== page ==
• Colon Cancer Screenings

    Excluding some types of skin cancer, colon/colorectal cancer is the third leading cause of cancer-related deaths in the U.S. This type of cancer can, however, be effectively treated when detected early. There are a variety of screening options, and it is recommended that all men and women ages 50 to 75 be routinely tested. Some sources indicate for screenings to begin as early as age 45.

     

    Colonoscopy

     

    Colonoscopy is considered the most sensitive colon cancer screening test, allowing the physician to view the entire colon and rectum during the procedure. This screening further allows the physician to remove any abnormal tissue or polyps during the course of the exam. A colonoscopy is recommended every 10 years for those in the age range identified above.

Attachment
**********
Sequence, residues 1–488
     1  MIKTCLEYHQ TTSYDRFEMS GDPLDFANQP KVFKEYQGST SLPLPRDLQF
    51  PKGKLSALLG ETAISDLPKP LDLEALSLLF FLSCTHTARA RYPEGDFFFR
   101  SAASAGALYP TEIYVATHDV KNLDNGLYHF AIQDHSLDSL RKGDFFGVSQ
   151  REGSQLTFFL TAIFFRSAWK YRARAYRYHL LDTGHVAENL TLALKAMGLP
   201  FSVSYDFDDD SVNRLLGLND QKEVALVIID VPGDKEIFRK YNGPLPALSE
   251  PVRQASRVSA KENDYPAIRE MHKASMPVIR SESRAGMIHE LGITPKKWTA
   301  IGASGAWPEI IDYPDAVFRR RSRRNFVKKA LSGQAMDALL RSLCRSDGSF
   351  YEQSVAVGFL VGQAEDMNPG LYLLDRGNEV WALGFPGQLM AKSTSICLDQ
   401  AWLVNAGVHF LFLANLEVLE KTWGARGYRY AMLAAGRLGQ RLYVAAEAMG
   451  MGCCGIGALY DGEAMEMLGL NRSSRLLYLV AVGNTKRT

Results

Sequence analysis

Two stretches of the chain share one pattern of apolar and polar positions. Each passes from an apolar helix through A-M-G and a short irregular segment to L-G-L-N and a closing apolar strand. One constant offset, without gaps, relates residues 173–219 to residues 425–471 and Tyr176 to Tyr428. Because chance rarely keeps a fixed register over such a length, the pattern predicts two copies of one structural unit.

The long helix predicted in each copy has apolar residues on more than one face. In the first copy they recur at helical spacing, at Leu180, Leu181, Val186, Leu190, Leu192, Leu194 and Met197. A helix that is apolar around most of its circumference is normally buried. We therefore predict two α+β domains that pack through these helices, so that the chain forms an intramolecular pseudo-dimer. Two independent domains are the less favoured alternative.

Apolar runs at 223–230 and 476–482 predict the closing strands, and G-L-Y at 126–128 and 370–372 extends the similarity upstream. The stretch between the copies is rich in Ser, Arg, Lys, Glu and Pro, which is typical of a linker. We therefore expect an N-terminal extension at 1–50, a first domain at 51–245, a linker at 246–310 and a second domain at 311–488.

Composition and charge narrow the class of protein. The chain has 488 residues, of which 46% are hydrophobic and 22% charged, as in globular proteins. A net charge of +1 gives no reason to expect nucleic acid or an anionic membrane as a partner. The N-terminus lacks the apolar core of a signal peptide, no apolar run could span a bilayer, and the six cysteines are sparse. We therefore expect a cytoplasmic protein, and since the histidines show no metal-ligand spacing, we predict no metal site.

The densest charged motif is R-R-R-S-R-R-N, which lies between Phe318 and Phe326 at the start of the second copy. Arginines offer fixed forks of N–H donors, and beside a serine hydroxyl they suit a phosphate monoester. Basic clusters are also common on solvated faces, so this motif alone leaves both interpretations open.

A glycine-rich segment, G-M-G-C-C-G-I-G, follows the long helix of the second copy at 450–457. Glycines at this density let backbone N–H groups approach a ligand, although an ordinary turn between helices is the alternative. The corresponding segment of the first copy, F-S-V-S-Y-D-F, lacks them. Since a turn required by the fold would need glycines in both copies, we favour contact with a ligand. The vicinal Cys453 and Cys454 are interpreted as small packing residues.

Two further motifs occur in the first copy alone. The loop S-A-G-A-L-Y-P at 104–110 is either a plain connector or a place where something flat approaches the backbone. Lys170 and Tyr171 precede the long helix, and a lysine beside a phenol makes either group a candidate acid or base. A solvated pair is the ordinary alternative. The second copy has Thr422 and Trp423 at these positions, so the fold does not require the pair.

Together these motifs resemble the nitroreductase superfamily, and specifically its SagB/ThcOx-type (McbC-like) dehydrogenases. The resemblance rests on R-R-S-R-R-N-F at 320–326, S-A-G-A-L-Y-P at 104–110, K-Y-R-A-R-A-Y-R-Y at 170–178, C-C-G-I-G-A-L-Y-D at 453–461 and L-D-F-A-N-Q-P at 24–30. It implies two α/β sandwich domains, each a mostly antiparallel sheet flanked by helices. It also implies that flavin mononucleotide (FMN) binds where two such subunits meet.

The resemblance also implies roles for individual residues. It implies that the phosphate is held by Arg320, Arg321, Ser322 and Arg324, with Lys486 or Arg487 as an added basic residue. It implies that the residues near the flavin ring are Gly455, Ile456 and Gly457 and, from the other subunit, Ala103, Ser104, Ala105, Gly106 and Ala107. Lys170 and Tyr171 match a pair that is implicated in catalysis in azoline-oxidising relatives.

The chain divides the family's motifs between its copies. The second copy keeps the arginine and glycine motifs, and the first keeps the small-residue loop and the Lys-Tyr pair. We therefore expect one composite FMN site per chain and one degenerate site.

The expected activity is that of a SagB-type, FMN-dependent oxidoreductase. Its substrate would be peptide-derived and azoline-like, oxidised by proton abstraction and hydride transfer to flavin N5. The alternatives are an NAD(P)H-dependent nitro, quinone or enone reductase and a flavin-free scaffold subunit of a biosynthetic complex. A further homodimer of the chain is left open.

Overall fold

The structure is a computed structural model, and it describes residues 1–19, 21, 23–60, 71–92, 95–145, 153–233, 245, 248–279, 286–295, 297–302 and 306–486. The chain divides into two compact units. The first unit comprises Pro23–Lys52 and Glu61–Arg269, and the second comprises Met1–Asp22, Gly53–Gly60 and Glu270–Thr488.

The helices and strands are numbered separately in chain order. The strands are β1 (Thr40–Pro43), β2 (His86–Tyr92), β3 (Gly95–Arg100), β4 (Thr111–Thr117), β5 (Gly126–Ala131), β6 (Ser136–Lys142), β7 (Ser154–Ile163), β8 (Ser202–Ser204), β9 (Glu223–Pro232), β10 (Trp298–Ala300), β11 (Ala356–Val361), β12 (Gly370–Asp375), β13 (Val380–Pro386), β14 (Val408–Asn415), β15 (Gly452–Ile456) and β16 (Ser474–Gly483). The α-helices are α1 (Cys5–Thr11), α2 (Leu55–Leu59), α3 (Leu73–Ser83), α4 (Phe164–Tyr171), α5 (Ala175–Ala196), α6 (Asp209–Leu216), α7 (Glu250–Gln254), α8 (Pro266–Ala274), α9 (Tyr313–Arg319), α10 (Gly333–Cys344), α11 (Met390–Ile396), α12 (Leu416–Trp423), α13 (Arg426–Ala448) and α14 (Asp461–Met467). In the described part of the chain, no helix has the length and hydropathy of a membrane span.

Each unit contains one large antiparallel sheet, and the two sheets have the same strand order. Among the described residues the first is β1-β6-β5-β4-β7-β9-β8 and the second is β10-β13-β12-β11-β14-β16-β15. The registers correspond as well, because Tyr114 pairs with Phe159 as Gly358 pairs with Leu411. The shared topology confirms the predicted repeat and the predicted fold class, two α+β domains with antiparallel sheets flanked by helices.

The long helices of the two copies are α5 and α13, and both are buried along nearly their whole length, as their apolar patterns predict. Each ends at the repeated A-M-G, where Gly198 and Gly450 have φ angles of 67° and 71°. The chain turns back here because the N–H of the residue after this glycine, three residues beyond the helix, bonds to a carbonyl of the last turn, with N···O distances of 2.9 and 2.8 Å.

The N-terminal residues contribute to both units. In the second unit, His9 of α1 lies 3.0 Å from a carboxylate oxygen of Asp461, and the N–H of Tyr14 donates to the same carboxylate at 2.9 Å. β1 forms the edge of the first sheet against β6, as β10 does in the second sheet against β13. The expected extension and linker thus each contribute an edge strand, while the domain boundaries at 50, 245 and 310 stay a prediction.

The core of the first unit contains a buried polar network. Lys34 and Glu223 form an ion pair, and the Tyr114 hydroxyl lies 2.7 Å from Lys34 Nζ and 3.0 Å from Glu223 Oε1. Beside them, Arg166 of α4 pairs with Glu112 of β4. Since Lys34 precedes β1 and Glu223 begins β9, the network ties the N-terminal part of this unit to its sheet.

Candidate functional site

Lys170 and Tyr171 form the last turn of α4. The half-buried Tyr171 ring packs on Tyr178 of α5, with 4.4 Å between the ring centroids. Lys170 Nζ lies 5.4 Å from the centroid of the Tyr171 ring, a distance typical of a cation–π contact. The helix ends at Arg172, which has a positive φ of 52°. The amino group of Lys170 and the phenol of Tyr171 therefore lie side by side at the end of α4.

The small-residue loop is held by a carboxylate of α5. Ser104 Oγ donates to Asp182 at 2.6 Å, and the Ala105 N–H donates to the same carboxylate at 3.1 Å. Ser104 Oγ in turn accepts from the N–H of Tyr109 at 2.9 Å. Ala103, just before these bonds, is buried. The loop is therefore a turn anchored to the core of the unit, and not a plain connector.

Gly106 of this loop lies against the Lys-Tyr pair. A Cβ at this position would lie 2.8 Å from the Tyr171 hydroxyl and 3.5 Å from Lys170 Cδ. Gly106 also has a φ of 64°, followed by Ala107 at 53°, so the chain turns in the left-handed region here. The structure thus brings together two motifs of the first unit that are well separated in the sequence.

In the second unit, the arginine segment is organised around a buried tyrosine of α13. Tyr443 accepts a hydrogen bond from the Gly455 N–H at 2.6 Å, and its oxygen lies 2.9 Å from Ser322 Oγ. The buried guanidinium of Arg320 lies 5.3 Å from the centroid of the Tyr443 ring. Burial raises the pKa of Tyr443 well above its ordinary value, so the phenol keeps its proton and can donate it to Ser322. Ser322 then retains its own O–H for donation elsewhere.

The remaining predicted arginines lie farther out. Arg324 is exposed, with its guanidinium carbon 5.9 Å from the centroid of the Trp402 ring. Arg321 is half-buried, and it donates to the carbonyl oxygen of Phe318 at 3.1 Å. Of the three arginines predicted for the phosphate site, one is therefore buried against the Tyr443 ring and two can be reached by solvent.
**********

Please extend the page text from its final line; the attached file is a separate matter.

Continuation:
Other Screening Options:

    • Stool Tests
    • Flexible Sigmoidoscopy
    • CT Colonography

     

    Pikeville Medical Center recommends that you talk to your primary care provider about the pros and cons of each test, which test is best for you and the frequency of your testing schedule.

  • Prostate Cancer Screenings

    Other than skin cancer, prostate cancer is the most common cancer in men in the U.S. Approximately one man in eight will be diagnosed with it in his lifetime.

     

    PSA Test

     

    The most effective test used to screen for prostate cancer is a prostate specific antigen or PSA test. PSA is a substance produced by the prostate. A PSA test measures the level of PSA in in a man’s blood with high PSA levels being a possible indicator that a prostate issue is present.